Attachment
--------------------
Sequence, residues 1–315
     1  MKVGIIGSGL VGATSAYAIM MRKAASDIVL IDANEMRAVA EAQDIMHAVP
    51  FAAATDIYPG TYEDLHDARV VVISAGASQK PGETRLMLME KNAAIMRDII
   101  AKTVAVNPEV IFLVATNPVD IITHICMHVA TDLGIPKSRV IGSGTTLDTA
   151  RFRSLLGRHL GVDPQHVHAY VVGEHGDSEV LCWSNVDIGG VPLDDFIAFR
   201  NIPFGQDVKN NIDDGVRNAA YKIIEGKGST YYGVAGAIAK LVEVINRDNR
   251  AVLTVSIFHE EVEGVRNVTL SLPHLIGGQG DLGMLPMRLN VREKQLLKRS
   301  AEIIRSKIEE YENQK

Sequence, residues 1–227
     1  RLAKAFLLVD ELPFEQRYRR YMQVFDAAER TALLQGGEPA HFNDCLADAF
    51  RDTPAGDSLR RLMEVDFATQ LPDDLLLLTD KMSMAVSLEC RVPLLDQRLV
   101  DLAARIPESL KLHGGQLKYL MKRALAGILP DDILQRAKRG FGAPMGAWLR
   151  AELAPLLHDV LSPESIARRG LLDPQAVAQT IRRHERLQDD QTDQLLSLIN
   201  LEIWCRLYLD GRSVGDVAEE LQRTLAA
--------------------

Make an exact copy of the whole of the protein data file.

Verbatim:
Sequence, residues 1–315
     1  MKVGIIGSGL VGATSAYAIM MRKAASDIVL IDANEMRAVA EAQDIMHAVP
    51  FAAATDIYPG TYEDLHDARV VVISAGASQK PGETRLMLME KNAAIMRDII
   101  AKTVAVNPEV IFLVATNPVD IITHICMHVA TDLGIPKSRV IGSGTTLDTA
   151  RFRSLLGRHL GVDPQHVHAY VVGEHGDSEV LCWSNVDIGG VPLDDFIAFR
   201  NIPFGQDVKN NIDDGVRNAA YKIIEGKGST YYGVAGAIAK LVEVINRDNR
   251  AVLTVSIFHE EVEGVRNVTL SLPHLIGGQG DLGMLPMRLN VREKQLLKRS
   301  AEIIRSKIEE YENQK

Sequence, residues 1–227
     1  RLAKAFLLVD ELPFEQRYRR YMQVFDAAER TALLQGGEPA HFNDCLADAF
    51  RDTPAGDSLR RLMEVDFATQ LPDDLLLLTD KMSMAVSLEC RVPLLDQRLV
   101  DLAARIPESL KLHGGQLKYL MKRALAGILP DDILQRAKRG FGAPMGAWLR
   151  AELAPLLHDV LSPESIARRG LLDPQAVAQT IRRHERLQDD QTDQLLSLIN
   201  LEIWCRLYLD GRSVGDVAEE LQRTLAA